Give it a listen:
It is a songpoem based on the last poem Voltairine de Cleyre wrote before she succumbed to septic meningitis. Voltairine was many things... a feminist long before it was fashionable, an anarchist when such a title was associated with regicide, an advocate of labor struggle and sabotage, a freethinker, an enemy of marriage, mother of bastard, a depressive, survivor of an attempted murder, a speaker, a writer and a poet.
During the spring of 1911, at the moment of her greatest despair,” writes her biographer Paul Avrich, “Voltairine’s spirits were lifted by the swelling revolution in Mexico, and especially by the activities of Ricardo Flores Magon, the foremost Mexican anarchist of the time, whose Partido Liberal Mexicano played an important part in rousing workers and peasants against the Diaz dictatorship.” Voltairine went on to throw herself into activism on behalf of the Mexican cause. It gave her a new lease on life, according to Avrich. “During the last year of her life, Voltairine was ‘filled with the spirit of direct action’”(Avrich quoting Goldman). This poem, dedicated to her Mexican comrades, was published in Regeneracion six months before her death. It was the last poem she wrote.WRITTEN—IN—RED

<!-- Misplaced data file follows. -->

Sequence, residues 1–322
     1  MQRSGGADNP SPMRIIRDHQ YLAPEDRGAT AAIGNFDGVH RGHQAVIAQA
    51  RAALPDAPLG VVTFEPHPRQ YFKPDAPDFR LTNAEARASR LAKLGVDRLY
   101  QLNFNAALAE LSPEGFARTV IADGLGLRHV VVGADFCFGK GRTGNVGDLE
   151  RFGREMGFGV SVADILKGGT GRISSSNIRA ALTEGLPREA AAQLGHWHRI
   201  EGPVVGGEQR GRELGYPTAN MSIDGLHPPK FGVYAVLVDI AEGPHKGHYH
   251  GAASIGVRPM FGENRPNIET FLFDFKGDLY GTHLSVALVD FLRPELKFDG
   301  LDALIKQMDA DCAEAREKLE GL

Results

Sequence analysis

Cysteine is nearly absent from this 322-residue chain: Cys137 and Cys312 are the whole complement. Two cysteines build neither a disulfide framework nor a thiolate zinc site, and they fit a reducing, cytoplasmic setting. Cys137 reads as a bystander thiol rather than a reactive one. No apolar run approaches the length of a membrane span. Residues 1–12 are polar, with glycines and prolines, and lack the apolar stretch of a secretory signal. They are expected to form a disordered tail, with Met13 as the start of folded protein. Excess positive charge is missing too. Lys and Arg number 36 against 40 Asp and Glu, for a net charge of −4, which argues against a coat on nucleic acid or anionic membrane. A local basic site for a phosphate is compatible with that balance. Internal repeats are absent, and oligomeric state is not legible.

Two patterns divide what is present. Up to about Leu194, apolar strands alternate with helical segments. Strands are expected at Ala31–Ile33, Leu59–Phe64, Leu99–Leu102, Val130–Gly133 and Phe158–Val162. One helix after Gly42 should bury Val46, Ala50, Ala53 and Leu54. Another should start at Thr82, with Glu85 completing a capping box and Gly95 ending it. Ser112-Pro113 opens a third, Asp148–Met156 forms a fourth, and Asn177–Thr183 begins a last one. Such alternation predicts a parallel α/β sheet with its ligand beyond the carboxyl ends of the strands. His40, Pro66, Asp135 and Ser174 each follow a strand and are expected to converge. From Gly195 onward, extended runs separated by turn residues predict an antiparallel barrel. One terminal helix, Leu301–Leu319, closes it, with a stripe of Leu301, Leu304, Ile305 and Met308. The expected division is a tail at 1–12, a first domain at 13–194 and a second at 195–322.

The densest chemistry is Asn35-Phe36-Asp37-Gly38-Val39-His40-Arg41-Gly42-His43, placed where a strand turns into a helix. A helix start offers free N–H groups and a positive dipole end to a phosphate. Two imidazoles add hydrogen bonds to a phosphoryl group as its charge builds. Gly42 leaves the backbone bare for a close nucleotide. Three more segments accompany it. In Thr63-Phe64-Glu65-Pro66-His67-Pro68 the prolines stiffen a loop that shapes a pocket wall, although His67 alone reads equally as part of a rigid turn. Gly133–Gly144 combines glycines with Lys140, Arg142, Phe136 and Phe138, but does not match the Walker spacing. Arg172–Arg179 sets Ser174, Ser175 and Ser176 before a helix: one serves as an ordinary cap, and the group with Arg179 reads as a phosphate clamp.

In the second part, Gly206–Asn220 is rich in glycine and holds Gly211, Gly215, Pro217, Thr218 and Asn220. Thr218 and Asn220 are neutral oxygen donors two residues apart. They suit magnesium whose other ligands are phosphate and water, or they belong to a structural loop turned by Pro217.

To Our Living Dead in Mexico's Struggle
Written in red their protest stands,
For the Gods of the World to see;
On the dooming wall their bodiless hands
Have blazoned "Upharsin," and flaring brands
Illumine the message: "Seize the lands!
Open the prisons and make men free!"
Flame out the living words of the dead
Gods of the World! Their mouths are dumb!
Your guns have spoken and they are dust.
But the shrouded Living, whose hearts were numb,
Have felt the beat of a wakening drum
Within them sounding—the Dead Men's tongue—
Calling: "Smite off the ancient rust!"
Have beheld "Resurrexit," the word of the Dead,
Bear it aloft, 0 roaring flame!
Skyward aloft, where all may see.
Slaves of the World! Our cause is the same;
One is the immemorial shame;
One is the struggle, and in One name
Manhood—we battle to set men free.
"Uncurse us the Land!" burn the words of the Dead,
Collected Works of Voltairine De'Cleyre at Anarchist Archives
Collected Works of Ricardo Flores Magon at Anarchist Archives
Ricardo Flores Magon at Libcom